Tax on Sugar-Sweetened Beverages Leads to Less Consumption
The largest decrease in purchases was noted among households at the lowest socioeconomic level.
HealthDay News — Implementation of a tax on sugar-sweetened beverages is associated with a sustained reduction in purchases of taxed beverages, according to a study published online in Health Affairs.
Noting that Mexico implemented a tax on sugar-sweetened beverages on January 1, 2014, M. Arantxa Cochero, PhD, from the National Institute of Public Health in Cuernavaca, Mexico, and colleagues estimated changes in beverage purchases for 2014 and 2015 using store purchase data for 6,645 households from January 2012 to December 2015. Using 2 models, the authors estimated the changes in purchases of taxed and untaxed beverages in the study period, comparing 2014 and 2015 purchases with predicted purchases based on trends in 2012 to 2013.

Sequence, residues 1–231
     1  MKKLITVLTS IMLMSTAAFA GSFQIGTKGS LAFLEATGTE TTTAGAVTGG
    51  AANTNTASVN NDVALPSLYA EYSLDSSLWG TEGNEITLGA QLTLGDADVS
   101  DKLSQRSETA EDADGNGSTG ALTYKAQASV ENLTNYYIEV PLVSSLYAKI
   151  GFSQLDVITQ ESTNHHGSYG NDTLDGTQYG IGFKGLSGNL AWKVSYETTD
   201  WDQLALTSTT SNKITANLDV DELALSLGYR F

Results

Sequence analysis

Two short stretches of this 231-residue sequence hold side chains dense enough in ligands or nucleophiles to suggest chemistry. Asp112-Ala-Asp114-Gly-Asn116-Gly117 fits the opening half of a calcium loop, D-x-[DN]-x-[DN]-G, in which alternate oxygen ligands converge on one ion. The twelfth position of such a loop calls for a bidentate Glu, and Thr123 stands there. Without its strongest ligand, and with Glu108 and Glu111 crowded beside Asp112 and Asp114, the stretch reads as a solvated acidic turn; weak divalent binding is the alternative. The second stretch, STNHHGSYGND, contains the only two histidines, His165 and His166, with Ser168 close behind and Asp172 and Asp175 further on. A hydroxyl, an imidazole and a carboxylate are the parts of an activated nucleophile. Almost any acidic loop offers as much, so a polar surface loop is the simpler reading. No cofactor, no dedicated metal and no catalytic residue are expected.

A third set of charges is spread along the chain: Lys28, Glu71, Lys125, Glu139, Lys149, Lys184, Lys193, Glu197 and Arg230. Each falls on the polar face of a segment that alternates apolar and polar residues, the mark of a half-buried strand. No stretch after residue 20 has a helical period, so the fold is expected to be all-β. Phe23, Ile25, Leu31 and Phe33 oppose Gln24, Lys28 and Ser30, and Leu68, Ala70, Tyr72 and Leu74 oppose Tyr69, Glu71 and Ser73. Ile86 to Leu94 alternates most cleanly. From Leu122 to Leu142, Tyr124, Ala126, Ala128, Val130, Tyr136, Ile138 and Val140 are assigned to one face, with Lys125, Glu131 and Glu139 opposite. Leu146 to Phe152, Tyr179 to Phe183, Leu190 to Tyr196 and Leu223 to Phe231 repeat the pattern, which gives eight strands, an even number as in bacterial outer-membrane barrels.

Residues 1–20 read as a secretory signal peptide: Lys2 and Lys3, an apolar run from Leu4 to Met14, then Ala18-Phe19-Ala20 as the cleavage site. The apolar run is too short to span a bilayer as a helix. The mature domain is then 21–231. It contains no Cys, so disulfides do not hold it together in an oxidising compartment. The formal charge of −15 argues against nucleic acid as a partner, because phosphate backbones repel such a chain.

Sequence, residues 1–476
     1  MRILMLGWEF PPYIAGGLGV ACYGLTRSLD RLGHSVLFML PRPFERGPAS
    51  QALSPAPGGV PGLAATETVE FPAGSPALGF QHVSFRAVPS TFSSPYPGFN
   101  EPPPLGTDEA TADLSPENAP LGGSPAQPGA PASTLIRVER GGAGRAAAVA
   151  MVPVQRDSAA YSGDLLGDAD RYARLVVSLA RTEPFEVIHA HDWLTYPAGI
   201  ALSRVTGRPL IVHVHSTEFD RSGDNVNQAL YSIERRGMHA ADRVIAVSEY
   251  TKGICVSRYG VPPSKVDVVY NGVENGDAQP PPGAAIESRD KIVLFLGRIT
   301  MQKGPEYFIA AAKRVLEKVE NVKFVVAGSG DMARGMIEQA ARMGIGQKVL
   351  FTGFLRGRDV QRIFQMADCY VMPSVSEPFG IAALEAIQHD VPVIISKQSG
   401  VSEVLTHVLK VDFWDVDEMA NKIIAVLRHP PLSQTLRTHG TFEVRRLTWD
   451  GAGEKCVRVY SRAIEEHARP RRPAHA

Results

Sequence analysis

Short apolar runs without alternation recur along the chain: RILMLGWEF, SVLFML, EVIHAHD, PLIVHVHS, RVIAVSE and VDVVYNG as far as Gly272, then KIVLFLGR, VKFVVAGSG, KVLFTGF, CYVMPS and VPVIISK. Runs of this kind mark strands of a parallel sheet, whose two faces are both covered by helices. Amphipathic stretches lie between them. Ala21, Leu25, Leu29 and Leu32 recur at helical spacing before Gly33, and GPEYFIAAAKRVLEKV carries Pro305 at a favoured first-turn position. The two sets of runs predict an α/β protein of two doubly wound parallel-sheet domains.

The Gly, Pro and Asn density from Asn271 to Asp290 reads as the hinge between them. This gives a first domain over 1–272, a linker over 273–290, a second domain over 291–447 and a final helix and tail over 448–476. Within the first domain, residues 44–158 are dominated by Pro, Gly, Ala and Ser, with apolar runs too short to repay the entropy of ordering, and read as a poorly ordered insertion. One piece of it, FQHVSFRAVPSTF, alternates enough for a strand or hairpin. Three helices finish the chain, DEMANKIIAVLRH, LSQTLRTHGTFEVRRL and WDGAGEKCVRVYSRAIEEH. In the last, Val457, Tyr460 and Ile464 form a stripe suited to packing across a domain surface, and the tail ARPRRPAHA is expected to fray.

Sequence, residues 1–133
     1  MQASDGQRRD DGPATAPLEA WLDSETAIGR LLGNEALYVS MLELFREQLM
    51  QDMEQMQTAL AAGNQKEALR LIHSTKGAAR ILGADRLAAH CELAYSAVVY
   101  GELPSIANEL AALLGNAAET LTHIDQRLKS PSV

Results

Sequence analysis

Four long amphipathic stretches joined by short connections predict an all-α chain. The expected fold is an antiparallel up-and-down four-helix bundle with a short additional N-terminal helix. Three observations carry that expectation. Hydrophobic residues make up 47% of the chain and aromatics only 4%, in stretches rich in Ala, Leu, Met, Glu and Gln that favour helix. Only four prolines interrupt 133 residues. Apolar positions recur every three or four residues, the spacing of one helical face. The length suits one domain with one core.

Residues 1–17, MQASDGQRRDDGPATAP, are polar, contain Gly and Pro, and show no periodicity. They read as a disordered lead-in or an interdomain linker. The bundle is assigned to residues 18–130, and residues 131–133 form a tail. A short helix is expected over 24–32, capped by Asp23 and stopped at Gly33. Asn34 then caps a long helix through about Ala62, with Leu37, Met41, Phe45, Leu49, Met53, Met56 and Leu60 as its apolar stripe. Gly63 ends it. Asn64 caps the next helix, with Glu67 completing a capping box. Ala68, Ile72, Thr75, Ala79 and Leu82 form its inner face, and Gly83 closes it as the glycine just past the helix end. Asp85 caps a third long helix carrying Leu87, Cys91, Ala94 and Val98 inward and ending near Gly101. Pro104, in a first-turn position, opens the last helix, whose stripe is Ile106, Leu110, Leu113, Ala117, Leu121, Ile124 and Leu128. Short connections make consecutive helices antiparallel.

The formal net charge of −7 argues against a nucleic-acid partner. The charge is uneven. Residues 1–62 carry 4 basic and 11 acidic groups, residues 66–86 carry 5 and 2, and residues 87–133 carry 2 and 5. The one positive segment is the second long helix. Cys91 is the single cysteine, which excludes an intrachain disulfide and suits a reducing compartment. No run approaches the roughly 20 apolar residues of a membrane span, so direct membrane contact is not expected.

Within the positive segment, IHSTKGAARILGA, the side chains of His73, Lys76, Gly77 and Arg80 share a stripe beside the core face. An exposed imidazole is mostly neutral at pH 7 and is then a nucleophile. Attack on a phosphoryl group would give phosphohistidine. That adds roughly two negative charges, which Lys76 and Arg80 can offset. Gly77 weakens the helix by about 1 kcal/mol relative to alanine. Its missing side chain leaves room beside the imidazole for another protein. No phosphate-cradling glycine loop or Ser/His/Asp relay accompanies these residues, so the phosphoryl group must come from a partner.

The researchers observed a 5.5% decrease in the purchase of taxed beverages in 2014 and a 9.7% decrease in 2015, resulting in an average decrease of 7.6%. In both years, the largest decreases in purchases of taxed beverages were seen for households at the lowest socioeconomic level. During the study period there was a 2.1% increase in purchases of untaxed beverages.
"Findings from Mexico may encourage other countries to use fiscal policies to reduce consumption of unhealthy beverages along with other interventions to reduce the burden of chronic disease," the authors write.
Cochero MA, Rivera-Dommarco J, Popkin BM, Ng SW. In Mexico, evidence of sustained consumer response two years after implementing a sugar-sweetened beverage tax [published online February 17, 2017]. Health Affairs. doi: 10.1377/hlthaff.2016.1231